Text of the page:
As Soon as Early Next Year, Leading Banks Set to Pull out of UK Following Brexit

Amid growing fears over the impending Brexit negotiations, while smaller banks are making plans to get out before Christmas., Britain’s biggest banks are preparing to relocate out of the UK in the first few months of 2017.

Warning that “the public and political debate at the moment is taking us in the wrong direction”, the dramatic claim is made in the Observer by the chief executive of the British Bankers’ Association, Anthony Browne.

Reassurance that Britain was determined to secure the status of the City of London was offered last week by Brexit secretary David Davis and the chancellor Philip Hammond, a source close to Davis said.

However, a hammer blow to any chance of retaining the present terms of trade for banks, particularly given the bellicose rhetoric of major politicians on the continent, widely recognised among officials is the government’s stated intention to take control of the freedom of movement into the UK.

The French president François Hollande is among those who have insisted in recent weeks that hard Brexit will mean “hard negotiation’ and that Britain will need to “pay the price” of leaving even though the so-called passporting rights for members of the single market allow UK-based banks to offer financial services to companies and individuals across the EU unimpeded.

Tariff would be potentially reintroduced and non-tariff restrictions imposed on British imports and exports by a hard Brexit which would involve the UK leaving both the single market, a central pillar of which is freedom of movement.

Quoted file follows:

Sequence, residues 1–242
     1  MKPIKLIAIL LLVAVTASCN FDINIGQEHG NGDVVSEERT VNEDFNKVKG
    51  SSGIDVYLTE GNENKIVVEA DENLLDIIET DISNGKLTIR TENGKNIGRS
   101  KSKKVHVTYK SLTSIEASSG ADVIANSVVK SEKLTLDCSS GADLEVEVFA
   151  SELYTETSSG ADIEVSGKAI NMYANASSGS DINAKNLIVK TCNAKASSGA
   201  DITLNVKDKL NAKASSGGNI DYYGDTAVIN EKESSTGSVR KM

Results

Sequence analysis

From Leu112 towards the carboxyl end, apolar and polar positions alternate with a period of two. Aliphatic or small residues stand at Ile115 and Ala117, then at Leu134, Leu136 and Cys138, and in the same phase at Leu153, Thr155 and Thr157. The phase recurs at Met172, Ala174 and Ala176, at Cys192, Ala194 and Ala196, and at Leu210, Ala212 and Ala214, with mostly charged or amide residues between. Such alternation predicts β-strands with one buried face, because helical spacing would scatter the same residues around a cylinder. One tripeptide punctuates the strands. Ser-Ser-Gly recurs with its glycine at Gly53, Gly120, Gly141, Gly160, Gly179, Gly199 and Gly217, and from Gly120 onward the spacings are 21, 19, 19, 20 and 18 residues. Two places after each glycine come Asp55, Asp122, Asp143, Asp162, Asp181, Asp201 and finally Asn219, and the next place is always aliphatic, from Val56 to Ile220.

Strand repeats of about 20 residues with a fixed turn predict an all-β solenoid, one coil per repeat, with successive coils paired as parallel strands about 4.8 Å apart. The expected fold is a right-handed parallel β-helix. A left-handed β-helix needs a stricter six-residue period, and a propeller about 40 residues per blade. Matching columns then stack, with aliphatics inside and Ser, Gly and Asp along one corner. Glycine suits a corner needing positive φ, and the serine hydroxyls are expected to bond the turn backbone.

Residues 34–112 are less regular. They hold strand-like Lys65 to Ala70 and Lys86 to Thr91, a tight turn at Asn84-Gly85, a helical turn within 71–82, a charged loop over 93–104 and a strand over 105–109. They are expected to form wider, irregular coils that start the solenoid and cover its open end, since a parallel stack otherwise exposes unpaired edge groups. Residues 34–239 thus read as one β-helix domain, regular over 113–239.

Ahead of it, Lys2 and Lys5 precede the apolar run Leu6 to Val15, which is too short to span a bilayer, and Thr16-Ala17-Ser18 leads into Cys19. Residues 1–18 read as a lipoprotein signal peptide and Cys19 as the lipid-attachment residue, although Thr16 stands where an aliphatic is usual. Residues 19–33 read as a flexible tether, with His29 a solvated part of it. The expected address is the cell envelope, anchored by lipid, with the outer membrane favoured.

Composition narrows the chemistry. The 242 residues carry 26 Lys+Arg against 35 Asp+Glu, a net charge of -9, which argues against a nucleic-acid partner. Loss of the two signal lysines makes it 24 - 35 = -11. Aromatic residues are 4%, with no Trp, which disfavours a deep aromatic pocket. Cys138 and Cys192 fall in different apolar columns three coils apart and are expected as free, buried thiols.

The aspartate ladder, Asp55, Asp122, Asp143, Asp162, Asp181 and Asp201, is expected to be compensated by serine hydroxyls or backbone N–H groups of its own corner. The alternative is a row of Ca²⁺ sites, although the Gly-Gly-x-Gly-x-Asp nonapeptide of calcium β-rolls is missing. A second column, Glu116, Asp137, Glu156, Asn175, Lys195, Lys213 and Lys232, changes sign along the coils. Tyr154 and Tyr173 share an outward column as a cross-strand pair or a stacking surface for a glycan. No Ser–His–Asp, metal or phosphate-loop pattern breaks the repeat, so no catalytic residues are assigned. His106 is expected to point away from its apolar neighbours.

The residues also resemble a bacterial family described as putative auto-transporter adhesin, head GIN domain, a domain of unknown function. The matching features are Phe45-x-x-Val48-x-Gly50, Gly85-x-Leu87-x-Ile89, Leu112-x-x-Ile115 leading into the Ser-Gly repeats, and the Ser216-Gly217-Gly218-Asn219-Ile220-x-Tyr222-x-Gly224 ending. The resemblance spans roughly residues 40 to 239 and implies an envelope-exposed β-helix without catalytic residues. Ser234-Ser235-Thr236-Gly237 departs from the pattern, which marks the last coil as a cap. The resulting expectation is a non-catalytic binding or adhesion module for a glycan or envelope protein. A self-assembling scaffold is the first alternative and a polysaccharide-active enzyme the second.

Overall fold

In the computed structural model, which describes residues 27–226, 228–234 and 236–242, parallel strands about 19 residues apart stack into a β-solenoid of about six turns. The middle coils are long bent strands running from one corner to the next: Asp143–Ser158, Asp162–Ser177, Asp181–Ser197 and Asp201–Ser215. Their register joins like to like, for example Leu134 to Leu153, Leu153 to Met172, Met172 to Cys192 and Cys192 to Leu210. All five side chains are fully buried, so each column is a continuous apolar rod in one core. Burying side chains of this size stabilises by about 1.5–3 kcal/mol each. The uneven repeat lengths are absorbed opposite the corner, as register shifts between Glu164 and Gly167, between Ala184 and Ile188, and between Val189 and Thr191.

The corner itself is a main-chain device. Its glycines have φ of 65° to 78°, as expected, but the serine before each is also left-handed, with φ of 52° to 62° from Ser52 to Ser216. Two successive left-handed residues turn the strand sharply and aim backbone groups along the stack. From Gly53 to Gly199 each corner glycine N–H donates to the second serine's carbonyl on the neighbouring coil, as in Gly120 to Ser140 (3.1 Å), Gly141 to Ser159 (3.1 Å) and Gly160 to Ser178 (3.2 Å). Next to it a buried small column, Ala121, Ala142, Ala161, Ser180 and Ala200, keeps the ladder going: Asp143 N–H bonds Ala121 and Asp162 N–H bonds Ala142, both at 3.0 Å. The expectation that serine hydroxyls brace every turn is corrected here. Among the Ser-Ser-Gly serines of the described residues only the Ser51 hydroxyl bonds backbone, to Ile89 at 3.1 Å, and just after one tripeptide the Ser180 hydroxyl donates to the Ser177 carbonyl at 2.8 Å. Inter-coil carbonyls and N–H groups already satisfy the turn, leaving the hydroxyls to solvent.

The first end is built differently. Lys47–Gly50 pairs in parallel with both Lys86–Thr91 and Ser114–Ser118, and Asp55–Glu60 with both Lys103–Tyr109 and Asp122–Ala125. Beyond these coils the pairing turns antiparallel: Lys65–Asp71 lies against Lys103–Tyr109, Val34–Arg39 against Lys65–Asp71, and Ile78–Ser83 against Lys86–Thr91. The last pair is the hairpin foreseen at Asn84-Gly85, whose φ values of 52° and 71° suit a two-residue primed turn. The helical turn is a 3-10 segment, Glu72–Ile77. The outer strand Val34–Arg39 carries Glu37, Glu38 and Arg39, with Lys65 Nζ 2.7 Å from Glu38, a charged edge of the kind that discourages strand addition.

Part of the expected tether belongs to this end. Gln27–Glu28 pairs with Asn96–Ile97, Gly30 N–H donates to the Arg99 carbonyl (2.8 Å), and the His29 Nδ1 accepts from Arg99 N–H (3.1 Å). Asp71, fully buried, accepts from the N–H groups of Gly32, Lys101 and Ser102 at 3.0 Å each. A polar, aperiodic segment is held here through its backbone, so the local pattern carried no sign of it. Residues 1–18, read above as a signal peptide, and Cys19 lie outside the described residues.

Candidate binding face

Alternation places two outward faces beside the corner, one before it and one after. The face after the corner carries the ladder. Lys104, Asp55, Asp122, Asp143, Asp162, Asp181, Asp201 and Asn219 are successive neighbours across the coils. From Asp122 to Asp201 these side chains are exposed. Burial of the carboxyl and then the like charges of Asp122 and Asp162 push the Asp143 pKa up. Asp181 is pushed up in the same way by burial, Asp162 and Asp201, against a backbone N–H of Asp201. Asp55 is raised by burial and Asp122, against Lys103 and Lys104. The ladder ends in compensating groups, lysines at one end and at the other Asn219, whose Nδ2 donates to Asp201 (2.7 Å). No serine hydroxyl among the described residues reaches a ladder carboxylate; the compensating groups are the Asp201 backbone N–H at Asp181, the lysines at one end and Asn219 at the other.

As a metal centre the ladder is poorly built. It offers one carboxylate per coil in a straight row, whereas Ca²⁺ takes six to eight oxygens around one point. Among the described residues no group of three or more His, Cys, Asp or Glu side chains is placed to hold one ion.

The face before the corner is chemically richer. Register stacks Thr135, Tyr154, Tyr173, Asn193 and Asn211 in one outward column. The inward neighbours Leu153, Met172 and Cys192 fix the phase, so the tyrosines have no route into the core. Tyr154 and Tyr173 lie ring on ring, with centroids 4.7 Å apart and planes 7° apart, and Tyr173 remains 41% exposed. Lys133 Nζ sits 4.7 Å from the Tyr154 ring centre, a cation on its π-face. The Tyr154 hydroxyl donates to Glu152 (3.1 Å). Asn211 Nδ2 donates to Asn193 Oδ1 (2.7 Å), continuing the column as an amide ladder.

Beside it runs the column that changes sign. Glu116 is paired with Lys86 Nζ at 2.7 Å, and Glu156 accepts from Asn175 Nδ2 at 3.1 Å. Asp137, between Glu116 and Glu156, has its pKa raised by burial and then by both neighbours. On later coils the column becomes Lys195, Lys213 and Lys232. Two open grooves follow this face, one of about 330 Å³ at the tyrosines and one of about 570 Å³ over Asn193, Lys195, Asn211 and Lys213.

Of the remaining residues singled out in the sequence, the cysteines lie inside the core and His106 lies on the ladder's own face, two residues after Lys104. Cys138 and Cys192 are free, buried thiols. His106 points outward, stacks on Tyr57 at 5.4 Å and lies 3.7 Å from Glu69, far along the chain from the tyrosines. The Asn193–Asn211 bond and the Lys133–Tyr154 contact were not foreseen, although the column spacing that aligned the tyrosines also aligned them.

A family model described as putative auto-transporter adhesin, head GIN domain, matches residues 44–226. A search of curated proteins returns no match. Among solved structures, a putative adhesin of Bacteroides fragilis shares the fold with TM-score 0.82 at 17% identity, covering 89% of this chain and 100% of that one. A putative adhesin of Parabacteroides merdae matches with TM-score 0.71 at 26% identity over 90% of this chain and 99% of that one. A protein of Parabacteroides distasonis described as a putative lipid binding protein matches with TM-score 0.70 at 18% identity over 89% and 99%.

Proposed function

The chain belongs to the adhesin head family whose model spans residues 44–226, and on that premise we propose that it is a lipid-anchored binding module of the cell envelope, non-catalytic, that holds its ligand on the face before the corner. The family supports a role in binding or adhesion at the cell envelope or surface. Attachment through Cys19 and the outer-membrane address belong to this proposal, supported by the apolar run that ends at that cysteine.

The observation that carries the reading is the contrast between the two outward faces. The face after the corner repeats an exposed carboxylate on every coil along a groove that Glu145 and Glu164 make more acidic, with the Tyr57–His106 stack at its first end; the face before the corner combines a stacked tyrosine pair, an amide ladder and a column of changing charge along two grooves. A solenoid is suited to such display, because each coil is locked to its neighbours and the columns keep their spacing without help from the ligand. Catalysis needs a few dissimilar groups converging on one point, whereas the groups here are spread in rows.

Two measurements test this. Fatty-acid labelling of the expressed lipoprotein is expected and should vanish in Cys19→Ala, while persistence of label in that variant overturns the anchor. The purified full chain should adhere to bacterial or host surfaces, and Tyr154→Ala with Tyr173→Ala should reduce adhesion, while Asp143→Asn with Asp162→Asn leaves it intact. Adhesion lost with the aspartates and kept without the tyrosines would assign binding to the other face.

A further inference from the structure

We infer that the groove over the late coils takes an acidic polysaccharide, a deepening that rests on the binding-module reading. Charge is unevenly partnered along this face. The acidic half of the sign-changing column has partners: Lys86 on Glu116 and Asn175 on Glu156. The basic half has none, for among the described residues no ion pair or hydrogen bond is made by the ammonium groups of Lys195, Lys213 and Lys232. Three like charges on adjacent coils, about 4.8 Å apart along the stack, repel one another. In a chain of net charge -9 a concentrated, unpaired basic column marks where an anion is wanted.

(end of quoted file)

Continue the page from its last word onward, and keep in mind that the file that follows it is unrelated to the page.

Recognition that “putting up barriers to the trade in financial services across the Channel will make us all worse off” need to be made by both British and European politicians who appear to be pursuing “anti-trade” goals, Browne warns.

Browne further warns the EU that banks based in UK are currently lending £1.1tn, therefore “keeping the continent afloat financially”, and that this arrangement is at risk. His organisation has been in intense negotiations with the government.

the current trajectory threatens not just tariff-free trade but the legal right of banks to provide services and banking is the country’s biggest export industry by far, he writes about Britain’s position.

“Most international banks now have project teams working out which operations they need to move to ensure they can continue serving customers, the date by which this must happen, and how best to do it,” he says.

“Their hands are quivering over the relocate button. Many smaller banks plan to start relocations before Christmas; bigger banks are expected to start in the first quarter of next year,” he added.

Speculations of an “equivalence” deal with the EU, under which the regulatory systems are recognised by both parties through a one-off agreement, for the city were making the rounds and aources close to Davis dismissed those speculations. Such a deal would not be enough to stop banks deserting Britain even though some Brexiters have made such an argument, Browne writes.

“On this side of the Channel, some high-profile Brexiters have poured scorn on the idea that we need passporting at all and that other regimes such as ‘third country equivalence’ will do.

“But the EU’s equivalence regime is a poor shadow of passporting – it only covers a narrow range of services, can be withdrawn at virtually no notice, and will probably mean the UK will have to accept rules it has no influence over. For most banks, equivalence won’t prevent them from relocating their operations,” he writes.

(Adapted from The Guardian)


Categories: Economy & Finance

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